Some use annuities to help cushion retirement. Annuities are contracts issued by life insurance companies that guaranteed periodic payments for life. You buy deferred annuities throughout your working years. The funds accumulate tax deferred.

Get Rich Slowly

Is it hard to get rich? If you’re young, not really. Its fun to play with financial calculators and see what might happen.

If you have just graduated from college and are about 22 years old and if you put $100 a month in an IRA that grows at 10% a year, you will have around $865,000 at age 65. 10% a year is about what you should expect if the money was placed in a no-load S&P 500 Index Fund. So for about $23 a week or $3.30 a day you will be close to being a millionaire.

If you contribute the full $4000 a year allowed right now (rising to $5000 in 2008), you would have $2,600,000. For about $11.00 a day, you would have a small fortune. If you didn’t want to take a chance with the stock market (after all, it goes down sometimes), you would still have over $600,000 if you could get a 5% return.

If your grandmother leaves you $10,000 in her will and you invest it for the same 43 years at 10% without adding another cent, you’d still have over $600,000 if you placed it in a tax sheltered account. Time and the power of compound interest are on your side. So if you’re in you twenties, do whatever you have to scrape together that IRA contribution. Every day you procrastinate is another day your money is not working for you. However, most people in their twenties need the money for more important things, like new cars and HDTV’s. You also have school loans to pay, children to raise and the new mortgage to pay off. But if you prioritize your life and stick to a budget, $11.00 a day is doable, although you might have to scrimp here and there.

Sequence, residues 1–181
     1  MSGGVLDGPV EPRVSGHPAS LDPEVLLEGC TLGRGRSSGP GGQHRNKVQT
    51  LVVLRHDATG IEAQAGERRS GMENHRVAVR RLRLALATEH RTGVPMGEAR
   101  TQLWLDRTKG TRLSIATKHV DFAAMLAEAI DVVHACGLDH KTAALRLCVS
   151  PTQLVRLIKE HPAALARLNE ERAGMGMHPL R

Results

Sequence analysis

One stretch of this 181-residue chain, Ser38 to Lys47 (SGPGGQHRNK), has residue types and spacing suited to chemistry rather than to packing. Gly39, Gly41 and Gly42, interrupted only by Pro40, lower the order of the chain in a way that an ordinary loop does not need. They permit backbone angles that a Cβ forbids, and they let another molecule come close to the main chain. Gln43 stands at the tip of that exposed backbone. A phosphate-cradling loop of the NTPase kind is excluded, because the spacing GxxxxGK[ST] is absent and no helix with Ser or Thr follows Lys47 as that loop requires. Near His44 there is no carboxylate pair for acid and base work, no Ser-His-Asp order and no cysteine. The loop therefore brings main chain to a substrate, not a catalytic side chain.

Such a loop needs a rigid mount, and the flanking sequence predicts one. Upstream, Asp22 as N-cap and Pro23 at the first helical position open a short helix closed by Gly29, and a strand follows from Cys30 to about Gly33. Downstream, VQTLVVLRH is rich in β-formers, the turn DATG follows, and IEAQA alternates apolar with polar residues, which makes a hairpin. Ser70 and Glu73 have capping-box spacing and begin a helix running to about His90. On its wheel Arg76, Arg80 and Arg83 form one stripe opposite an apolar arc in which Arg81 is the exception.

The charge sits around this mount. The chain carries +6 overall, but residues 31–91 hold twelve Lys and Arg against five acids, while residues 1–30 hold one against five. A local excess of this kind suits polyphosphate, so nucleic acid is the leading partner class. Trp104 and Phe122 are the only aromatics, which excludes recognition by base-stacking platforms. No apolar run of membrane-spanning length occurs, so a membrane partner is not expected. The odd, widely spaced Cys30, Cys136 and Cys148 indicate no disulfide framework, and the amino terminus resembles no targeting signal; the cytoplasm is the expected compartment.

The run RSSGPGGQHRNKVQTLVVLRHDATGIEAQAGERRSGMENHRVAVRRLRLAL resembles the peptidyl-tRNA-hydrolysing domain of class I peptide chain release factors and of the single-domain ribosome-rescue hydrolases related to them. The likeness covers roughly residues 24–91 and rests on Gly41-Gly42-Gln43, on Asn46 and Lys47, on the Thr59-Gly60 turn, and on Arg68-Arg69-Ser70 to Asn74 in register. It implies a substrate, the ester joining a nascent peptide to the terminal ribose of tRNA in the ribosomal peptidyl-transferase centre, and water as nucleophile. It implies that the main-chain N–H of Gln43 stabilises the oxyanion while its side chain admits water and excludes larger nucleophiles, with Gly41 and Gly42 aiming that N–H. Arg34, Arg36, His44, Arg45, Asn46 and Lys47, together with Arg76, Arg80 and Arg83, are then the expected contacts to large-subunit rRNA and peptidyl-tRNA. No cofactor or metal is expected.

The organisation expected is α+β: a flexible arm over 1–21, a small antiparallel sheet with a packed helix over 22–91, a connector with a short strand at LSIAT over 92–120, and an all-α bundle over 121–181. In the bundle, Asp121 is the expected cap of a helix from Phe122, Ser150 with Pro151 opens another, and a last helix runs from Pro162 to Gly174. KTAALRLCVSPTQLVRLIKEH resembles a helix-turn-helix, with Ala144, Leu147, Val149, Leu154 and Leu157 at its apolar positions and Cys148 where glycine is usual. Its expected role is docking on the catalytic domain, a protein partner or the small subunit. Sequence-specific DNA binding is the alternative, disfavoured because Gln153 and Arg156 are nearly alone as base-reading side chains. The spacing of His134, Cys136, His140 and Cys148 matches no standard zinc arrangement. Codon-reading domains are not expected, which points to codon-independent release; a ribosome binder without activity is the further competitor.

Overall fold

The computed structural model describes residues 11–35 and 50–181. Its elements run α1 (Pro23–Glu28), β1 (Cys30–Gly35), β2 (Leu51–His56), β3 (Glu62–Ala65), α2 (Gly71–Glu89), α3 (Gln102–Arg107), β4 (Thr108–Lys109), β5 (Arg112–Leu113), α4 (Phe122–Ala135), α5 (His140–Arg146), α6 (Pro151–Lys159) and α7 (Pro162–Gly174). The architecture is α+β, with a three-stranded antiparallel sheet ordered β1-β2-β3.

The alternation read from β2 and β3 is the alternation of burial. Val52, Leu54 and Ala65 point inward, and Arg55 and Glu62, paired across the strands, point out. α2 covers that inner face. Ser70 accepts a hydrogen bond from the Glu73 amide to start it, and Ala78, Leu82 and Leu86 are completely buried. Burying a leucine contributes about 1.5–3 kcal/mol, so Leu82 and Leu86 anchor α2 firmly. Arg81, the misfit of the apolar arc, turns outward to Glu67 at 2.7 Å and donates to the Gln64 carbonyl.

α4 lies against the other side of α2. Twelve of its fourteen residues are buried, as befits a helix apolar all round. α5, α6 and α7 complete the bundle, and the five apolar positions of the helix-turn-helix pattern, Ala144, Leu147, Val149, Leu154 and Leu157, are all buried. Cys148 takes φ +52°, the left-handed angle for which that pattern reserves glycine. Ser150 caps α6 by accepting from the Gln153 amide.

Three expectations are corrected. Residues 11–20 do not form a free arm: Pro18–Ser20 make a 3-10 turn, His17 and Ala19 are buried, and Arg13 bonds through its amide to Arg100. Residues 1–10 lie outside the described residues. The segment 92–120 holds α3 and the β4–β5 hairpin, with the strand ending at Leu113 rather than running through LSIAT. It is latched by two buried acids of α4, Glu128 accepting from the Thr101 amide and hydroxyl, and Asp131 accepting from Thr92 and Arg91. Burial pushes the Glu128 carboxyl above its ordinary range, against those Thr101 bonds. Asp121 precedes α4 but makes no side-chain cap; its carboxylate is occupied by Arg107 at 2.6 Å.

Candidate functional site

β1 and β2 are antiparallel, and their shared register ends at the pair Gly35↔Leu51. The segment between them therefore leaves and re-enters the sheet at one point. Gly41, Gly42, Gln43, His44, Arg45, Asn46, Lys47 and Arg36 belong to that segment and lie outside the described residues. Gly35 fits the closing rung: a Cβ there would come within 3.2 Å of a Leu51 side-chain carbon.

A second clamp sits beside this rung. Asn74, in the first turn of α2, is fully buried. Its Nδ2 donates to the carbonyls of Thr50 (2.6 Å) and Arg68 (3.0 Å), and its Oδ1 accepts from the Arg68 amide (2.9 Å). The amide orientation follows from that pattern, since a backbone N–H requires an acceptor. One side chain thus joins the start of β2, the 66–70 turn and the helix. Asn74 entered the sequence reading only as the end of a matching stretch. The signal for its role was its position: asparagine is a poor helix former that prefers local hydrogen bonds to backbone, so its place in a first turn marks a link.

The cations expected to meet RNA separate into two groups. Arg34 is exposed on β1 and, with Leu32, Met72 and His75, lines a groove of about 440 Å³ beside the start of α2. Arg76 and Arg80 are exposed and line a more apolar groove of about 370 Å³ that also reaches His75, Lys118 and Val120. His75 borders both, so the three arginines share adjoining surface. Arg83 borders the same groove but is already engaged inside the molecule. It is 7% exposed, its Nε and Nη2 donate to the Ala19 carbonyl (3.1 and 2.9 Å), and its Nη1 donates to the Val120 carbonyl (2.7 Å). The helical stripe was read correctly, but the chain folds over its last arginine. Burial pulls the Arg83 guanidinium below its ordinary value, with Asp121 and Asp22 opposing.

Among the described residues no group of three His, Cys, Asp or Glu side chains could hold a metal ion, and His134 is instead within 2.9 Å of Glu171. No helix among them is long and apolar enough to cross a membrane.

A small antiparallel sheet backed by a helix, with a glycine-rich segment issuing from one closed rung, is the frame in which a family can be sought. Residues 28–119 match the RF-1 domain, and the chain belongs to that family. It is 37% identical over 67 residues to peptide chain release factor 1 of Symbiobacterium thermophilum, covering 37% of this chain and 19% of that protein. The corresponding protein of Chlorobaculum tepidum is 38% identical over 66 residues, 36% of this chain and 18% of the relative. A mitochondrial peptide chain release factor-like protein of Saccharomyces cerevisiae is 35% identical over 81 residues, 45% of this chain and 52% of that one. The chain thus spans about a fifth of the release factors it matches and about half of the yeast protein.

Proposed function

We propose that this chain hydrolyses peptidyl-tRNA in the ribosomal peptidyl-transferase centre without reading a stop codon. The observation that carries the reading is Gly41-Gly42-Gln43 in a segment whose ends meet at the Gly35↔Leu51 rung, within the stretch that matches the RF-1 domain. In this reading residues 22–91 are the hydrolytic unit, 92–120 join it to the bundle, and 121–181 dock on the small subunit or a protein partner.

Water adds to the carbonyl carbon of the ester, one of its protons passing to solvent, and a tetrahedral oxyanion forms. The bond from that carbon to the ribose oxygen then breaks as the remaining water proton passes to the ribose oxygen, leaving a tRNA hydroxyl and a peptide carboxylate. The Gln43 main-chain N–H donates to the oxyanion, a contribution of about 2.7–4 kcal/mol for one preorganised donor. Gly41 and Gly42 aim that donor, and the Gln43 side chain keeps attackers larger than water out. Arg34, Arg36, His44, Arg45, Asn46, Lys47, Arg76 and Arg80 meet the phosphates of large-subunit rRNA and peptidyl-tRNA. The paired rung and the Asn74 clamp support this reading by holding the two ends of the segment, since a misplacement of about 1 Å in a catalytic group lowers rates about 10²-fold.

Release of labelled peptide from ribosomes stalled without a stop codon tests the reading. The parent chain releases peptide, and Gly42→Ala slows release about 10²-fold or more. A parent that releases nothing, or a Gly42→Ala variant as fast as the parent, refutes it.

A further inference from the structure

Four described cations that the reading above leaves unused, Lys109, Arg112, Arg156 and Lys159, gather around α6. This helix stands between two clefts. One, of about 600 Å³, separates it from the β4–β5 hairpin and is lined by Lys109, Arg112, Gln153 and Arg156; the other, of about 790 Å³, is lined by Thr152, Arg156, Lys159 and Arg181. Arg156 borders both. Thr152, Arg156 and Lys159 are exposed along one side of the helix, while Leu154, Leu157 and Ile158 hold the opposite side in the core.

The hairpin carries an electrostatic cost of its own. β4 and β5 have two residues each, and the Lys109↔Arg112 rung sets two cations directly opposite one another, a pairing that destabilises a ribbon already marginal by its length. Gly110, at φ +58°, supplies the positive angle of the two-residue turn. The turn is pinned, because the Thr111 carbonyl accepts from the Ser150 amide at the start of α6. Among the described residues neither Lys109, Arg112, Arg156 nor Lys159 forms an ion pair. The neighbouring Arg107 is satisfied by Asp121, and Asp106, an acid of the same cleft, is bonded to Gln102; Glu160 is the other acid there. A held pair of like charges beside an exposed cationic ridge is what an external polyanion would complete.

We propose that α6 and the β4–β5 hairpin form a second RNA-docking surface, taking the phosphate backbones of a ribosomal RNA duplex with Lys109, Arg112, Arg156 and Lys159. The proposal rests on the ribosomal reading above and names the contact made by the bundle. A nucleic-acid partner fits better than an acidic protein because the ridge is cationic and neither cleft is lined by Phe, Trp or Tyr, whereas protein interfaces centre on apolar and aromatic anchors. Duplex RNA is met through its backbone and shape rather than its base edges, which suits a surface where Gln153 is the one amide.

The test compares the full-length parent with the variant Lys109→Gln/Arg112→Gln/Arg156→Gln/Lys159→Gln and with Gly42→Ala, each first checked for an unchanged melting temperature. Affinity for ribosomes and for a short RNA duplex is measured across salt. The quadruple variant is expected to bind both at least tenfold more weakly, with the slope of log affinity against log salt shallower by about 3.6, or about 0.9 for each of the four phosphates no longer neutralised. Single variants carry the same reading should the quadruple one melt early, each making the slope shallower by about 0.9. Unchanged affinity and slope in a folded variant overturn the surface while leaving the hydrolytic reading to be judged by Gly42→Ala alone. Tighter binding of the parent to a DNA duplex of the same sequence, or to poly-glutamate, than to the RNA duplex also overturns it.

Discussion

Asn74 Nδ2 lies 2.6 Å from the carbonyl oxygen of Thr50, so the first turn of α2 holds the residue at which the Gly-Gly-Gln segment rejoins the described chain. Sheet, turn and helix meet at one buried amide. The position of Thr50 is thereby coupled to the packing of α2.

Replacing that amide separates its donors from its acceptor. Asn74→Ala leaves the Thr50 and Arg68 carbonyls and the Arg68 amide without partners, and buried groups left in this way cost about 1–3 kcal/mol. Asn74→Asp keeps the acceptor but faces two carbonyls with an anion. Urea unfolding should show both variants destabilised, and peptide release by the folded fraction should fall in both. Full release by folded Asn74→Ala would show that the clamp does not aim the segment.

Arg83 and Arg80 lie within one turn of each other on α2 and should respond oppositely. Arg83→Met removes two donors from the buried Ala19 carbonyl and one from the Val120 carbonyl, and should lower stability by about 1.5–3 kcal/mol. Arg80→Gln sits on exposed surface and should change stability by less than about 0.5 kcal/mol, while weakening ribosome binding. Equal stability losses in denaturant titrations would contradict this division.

Consider that most people are spending their livings paying the freight for borrowing ‘other people’s money”. If you save and invest, other people are paying you to use your money. It’s a lot more fun to see your money working than having to work yourself.

It gets harder to amass wealth as you get older. If you wait until you’re 32 and put away $4000 at 10%, you would have about $975,000, still a respectable amount. At 42, you’d only be able to accumulate approximately $350,000. If you’re 50 and can start putting $5000 (those over 50 are allowed “catch up contributions”) away today, you’ll have around $175,000 at age 65.
Everyone knows that Social Security is not going to allow for a comfortable retirement. Even if the plan can continue to pay out forever, which is questionable right now, the money you receive will be far from generous and is subject to taxation.
You might have a good pension plan at work now, but will you be able to hold your current job to retirement? If you have a Roth IRA, you can withdraw the money tax free after age 59 ½. Imagine having a million tax free dollars you can play with. It will well make up for the small sacrifices you have to make to get there.

No matter what your age, start saving what you can now – today. Even if you only amass $100,000, you’ll be better off than most people entering retirement.

There are many avenues available to help you have an enjoyable retirement, one that is free of money worries and woes. Take you time, read and educate yourself on them before you choose the one, or ones, suited for you.

Leave a Reply

Your email address will not be published. Required fields are marked *